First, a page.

5 ways the world's most controversial telescope could revolutionize astronomy
That is, if it's actually built.
Native Hawaiian protestors halted the construction earlier this year. Many consider the mountain sacred ground and there are concerns that the construction could have terrible consequences for the delicate mountaintop ecosystem.
Legally, TMT has the green light to start construction again (it hasn't). There's a strong science case for why the project should continue though.
The telescope's huge 30-meter (100 foot) mirror will collect more light than smaller telescopes, allowing TMT to see fainter and farther objects that we've never seen before.
It'll operate in wavelengths ranging from ultraviolet to mid-infrared, which means the telescope will be useful for collecting lots of different kinds of data.
Compared to the Hubble Space Telescope, "TMT will have 144 times the collecting area and more than a factor of 10 better spatial resolution at near-infrared and longer wavelengths," according to the TMT website.
Here's how this innovative telescope could revolutionize astronomy:
1. Explore the "dark ages" of the universe.
TMT will be incredibly powerful, capable of gazing farther out into the universe and therefore farther back in time to when the universe was just a baby, fresh from the big bang. TMT will catalogue what astronomers call "first light" objects.
Once the hot soup of particles generated by the big bang started to cool, they clustered into atoms and eventually formed into larger things like stars and galaxies. Fully-formed atoms allowed light to travel freely, rather than just bumping into and scattering off free-floating electrons. We have no idea what the universe's first light looked like though. TMT will be searching for signs of it.
2. Investigate how the first galaxies formed.
Since TMT will peer so far back in time, it'll be able to analyze how the universe's very first galaxies formed and why it triggered an entire epoch of rapid galaxy formation.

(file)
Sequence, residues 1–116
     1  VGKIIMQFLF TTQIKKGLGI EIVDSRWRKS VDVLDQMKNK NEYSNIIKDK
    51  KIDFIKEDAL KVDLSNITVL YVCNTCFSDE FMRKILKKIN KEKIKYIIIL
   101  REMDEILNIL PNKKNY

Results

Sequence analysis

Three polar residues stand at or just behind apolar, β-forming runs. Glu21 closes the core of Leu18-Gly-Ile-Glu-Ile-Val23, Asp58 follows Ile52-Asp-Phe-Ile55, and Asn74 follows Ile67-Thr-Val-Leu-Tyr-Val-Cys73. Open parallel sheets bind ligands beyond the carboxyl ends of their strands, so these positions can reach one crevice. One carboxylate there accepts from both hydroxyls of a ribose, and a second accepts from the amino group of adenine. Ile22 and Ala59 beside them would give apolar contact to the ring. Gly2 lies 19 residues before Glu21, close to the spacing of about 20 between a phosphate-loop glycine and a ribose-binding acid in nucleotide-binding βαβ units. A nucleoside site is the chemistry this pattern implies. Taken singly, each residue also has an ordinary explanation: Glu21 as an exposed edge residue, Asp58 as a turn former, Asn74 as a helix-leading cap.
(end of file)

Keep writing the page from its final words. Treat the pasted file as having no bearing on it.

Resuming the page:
Our best estimates today tell us that galaxies started forming about 200 million years after the big bang. Some astronomers think galaxies started forming earlier than that, and TMT could find the evidence. It could also answer what happened to the haze of hydrogen that blanketed the early universe.
3. Figure out how dark matter helped shape the universe.
Dark matter is one of the biggest puzzles in astronomy. The universe is full of the stuff, but we can't touch it or see it. We only know it exists because of the way it bends light around galaxies.
Dark Energy Survey
4. Test if every galaxy has its own supermassive black hole.
Our own galaxy has a giant black hole in the middle of it called Sagittarius A*. It's four million times more massive than the sun, but squeezed into a much smaller area. All that matter packed into such a small space creates a gravitational pull that not even light can escape.
Astronomers think most galaxies have a black hole at their center, but they aren't sure. TMT's incredible spatial resolution will make it possible to map and measure many more black holes and find out if our galaxy's black hole is typical or not. It could also reveal the role black holes play in galaxy formation.
5. Search for an "Earth twin."
We had no idea that planets existed outside those in our solar system until the late 90s. Now we've found nearly 2,000.
NASA, ESA, M. Kornmesser
It may even help us spot a planet that looks like our own - a long sought "Earth twin."
Still, TMT's greatest achievement might not even be on this list.
"It is very likely that the scientific impact of TMT will go far beyond what we envision today and TMT will enable discoveries that we cannot anticipate," the TMT astronomy team writes.